Companies may use either the perpetual system or the periodic system to account for inventory. Under the periodic system, merchandise purchases are recorded in the purchases account, and the inventory account balance is updated only at the end of each accounting period. Perpetual inventory systems have traditionally been associated with companies that sell small numbers of high‐priced items, but the development of modern scanning and computer technology has enabled almost any type of merchandiser to consider using this system.
Under the perpetual system, purchases, purchase returns and allowances, purchase discounts, sales, and sales returns are immediately recognized in the inventory account, so the inventory account balance should always remain accurate, assuming there is no theft, spoilage, or other losses. Consider several entries under both systems. The reference columns are removed from the illustration to simplify what you're seeing. (Note: Ap stands for accounts payable, and AR stands for accounts receivable.)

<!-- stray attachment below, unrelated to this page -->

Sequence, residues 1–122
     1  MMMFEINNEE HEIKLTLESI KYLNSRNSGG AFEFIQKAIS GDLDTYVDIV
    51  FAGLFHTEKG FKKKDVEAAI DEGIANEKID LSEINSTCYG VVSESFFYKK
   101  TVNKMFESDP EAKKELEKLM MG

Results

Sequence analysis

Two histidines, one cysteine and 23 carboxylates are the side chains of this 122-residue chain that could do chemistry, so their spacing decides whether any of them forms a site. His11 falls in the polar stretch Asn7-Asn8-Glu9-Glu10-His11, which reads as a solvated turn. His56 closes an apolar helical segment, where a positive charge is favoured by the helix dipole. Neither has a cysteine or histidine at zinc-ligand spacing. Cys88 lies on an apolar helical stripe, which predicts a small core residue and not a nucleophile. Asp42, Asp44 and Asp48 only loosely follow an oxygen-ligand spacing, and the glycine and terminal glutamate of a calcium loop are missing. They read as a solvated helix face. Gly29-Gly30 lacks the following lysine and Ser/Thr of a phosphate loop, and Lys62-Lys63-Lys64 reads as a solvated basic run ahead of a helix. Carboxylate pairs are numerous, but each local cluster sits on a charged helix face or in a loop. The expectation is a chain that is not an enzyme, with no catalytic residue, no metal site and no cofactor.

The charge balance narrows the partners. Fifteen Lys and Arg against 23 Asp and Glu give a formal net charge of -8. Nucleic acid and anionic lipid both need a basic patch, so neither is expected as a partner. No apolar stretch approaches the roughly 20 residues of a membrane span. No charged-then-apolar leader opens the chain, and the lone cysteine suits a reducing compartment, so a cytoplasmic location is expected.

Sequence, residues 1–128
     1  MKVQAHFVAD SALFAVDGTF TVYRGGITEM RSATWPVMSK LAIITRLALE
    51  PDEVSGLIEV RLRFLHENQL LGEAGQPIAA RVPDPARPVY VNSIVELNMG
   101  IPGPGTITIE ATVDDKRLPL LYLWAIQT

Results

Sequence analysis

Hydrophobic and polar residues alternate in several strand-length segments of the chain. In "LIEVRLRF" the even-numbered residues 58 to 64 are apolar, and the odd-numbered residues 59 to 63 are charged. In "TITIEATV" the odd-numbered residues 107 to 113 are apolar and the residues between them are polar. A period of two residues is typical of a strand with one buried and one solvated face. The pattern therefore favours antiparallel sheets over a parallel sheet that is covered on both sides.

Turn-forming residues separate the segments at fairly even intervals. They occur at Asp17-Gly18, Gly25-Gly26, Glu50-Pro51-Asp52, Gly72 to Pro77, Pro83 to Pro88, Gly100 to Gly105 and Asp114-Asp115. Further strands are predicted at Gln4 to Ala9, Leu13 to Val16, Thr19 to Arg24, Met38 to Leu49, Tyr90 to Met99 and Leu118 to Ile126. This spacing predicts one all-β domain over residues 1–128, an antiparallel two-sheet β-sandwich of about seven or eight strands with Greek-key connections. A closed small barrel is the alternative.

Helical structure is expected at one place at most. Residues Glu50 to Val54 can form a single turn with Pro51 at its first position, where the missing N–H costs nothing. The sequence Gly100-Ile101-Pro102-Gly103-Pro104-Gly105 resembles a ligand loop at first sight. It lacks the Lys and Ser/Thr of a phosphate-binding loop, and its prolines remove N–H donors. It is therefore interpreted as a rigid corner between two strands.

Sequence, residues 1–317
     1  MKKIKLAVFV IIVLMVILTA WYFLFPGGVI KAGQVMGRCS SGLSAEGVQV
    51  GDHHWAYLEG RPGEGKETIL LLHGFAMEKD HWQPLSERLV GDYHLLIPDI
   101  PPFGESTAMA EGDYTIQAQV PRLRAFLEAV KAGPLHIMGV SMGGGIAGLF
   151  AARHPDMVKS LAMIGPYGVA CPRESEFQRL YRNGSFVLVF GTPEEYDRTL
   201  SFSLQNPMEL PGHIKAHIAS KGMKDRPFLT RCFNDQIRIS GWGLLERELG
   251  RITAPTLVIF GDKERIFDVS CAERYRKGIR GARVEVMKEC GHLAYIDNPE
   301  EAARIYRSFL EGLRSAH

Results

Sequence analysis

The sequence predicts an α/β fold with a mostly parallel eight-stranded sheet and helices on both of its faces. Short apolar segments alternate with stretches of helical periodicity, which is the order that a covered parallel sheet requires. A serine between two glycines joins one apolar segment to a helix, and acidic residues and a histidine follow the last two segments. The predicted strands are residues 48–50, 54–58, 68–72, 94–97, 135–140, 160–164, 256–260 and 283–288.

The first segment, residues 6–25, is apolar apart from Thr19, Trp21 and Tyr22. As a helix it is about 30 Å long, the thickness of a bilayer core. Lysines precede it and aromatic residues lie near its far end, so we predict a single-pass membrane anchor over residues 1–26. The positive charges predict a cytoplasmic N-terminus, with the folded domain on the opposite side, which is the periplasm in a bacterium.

As the two sets of circled entries indicate, two things happen when there is a sale or a sales return. First, the sales transaction's effect on revenue must be recognized by making an entry to increase accounts receivable and the sales account. Second, the flow of merchandise between inventory (an asset) and cost of goods sold (an expense) is recorded in accordance with the matching principle. A sales return has the opposite effect on the same accounts. Under the periodic system, the inventory and cost of goods sold accounts are updated only periodically, but under the perpetual system, entries that recognize a transaction's effect on these accounts occur when the revenue from the sale is recognized.
For convenience, a sale or sales return can be recorded under the perpetual system with a compound entry that lists all four accounts.
The general journal provides a simple, consistent format to present new information. However, most companies would record the sale in a sales journal.